How to deregister a company with CIPC in South Africa

To deregister a company with the Companies and Intellectual Property Commission (CIPC) in South Africa, you need to follow a specific process. Here are the general steps to deregister a company:

  1. Prepare the necessary documentation: Gather all the required documents for deregistration, including the following:

    a. An original, signed copy of Form CoR40.1, which is the Application for Deregistration of a Company. b. A copy of the company’s final audited financial statements. c. If the company has any assets, a letter from the South African Revenue Service (SARS) confirming that all taxes have been paid or that the company has been exempted from tax liabilities. d. A letter from any regulatory authority (if applicable) confirming that the company has no outstanding obligations or liabilities. e. Proof that the company has no outstanding debts or liabilities to any creditors.

  2. Submit the application: Prepare a complete set of the required documents and submit them to the CIPC. You can submit the application either online through the CIPC eServices portal or in person at one of the CIPC offices. Ensure that all documents are properly completed and signed.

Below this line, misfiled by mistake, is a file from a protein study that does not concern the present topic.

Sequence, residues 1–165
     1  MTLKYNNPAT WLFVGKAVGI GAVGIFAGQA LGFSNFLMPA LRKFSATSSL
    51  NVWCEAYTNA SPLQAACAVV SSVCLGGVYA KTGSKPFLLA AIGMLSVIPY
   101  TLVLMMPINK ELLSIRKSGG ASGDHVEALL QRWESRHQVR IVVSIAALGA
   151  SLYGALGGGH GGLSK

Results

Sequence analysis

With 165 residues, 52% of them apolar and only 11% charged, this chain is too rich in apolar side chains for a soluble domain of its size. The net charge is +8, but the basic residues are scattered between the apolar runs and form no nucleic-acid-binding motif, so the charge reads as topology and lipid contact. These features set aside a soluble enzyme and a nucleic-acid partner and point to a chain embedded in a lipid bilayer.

3. Pay the deregistration fee: You will need to pay the prescribed fee for the deregistration application. The fee can be paid online or at the CIPC office. The current fee can be obtained from the CIPC website or by contacting their customer service.
  4. Await CIPC processing: Once the application is submitted, the CIPC will review the documents and process the deregistration request. This may take some time, so be patient during the review process.
  5. Publication and waiting period: If the CIPC accepts the application, they will publish a notice of the deregistration in the Government Gazette. The company will enter into a 21-day waiting period from the date of publication.
  6. Objections and finalization: During the 21-day waiting period, interested parties can lodge objections to the deregistration. If no objections are received or any objections are resolved, the company will be deregistered, and the process will be finalized.

It’s important to note that deregistration should only be pursued when a company has ceased to carry on business, has no assets or liabilities, and is no longer needed. If the company has debts or obligations, it’s crucial to address them appropriately before initiating the deregistration process.

It’s recommended to consult with a professional, such as a lawyer or accountant, who can guide you through the specific requirements and implications of deregistering a company in South Africa.